Global life expectancy averages out to 71.4 years. That means, of course, that some parts of the world see much shorter life spans, while others enjoy far greater longevity.
Five places, in particular, fall into the latter category. They’re known as Blue Zones—named for the blue circles researchers drew to identify the first one on a map—and they’re home to some of the oldest and healthiest people in the world. Dan Buettner, author of The Blue Zones and The Blue Zones Solution, told TIME why residents of these places live so long—and how you can steal their habits.
A largely plant-based diet, daily physical activity and familial closeness have given this Blue Zone the highest concentration of male centenarians in the world. (Sheep herders, who tend to walk at least five miles a day, and men with daughters, who may get especially tender care as they age, live even longer than most in this area.) It also doesn’t hurt that the M26 marker, a genetic variant linked to extreme longevity, has been passed down through generations in this secluded community.
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Many Blue Zones emphasize family and community, but bonding reaches its peak in this Japanese culture. Okinawans are supported by their moai, a small but tight-knit social circle meant to be there through all of life’s ups and downs, which provides social support strong enough to dull mental stressors and reinforce shared healthy behaviors. The result? A culture that boasts the longest-living women in the world, with many surpassing 100.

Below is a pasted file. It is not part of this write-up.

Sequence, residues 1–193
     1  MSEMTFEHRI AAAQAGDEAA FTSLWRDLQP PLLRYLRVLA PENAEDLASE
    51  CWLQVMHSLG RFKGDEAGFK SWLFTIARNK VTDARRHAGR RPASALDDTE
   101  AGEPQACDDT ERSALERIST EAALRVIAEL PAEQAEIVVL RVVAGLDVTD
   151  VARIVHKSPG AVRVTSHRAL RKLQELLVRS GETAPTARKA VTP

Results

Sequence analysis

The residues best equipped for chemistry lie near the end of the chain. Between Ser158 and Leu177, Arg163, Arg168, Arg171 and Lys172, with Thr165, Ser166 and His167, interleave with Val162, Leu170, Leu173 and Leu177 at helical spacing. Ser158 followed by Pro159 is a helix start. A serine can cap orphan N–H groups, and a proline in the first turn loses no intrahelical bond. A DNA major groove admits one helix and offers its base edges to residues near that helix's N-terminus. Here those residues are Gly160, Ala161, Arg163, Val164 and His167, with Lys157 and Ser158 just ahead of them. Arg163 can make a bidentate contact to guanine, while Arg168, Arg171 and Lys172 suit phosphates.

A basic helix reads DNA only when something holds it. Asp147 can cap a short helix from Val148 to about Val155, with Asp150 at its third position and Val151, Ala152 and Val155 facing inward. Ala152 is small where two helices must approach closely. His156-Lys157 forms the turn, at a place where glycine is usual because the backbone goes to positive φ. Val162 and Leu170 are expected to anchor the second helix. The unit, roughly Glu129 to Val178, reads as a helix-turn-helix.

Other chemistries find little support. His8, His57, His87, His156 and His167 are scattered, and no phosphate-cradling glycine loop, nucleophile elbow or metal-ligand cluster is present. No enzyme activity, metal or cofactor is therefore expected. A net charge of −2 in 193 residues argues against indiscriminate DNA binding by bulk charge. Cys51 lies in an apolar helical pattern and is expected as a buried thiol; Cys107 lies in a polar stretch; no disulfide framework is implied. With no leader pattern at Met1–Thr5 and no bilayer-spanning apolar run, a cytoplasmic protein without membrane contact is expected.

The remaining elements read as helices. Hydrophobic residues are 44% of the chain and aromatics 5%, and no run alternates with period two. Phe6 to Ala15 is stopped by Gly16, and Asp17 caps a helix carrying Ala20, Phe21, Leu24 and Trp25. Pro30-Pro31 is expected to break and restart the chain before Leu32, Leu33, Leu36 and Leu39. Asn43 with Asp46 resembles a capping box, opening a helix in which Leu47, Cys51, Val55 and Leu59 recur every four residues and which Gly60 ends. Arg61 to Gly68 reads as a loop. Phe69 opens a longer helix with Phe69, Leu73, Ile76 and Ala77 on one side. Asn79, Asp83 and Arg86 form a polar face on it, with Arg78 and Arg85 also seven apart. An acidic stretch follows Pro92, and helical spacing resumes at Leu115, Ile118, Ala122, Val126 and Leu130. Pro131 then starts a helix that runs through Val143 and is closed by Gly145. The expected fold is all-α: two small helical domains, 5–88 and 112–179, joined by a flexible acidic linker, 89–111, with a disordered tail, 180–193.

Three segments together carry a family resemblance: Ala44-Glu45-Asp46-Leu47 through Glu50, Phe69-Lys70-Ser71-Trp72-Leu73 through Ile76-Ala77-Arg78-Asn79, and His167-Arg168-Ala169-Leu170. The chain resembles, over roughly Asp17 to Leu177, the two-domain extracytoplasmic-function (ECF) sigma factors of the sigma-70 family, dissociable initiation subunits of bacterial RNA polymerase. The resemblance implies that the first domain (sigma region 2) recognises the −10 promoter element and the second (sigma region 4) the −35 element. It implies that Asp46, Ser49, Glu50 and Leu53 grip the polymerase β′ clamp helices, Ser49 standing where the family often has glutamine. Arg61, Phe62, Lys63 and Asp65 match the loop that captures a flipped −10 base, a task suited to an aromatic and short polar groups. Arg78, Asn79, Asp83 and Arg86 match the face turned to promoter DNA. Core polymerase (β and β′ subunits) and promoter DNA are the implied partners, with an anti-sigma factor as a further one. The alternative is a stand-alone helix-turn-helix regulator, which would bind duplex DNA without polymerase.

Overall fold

Nicoya, Costa Rica
Most Blue Zone residents avoid processed food, but Nicoyans take it to another level. The Costa Rican people traditionally get the majority of their caloric intake from beans, squash and corn, plus tropical fruits. This plant-forward, nutrient-dense diet— and plenty of time outdoors—makes for strong, well-nourished bodies. Meanwhile, a plan de vida, or guiding life purpose, helps Nicoyans stay mentally and spiritually fulfilled to age 90 and beyond.
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Loma Linda, Calif., U.S.A.
The U.S.’s only Blue Zone is a haven for the Seventh-day Adventist Church, a Protestant denomination. A shared set of principles, emphasis on community and adherence to the Sabbath—a day of rest, reflection and recharging— help Loma Linda Adventists live 10 years longer than their fellow Americans. Many avoid meat and eat plenty of plants, whole grains and nuts.
A fierce sense of island pride keeps Ikarians invested in their community. That, combined with late bedtimes offset by daily naps and a strict adherence to the Mediterranean diet—eating lots of fruits, vegetables, beans, whole grains, potatoes and olive oil—propels 1 in 3 Ikarians to live into their 90s, often free of dementia and chronic disease.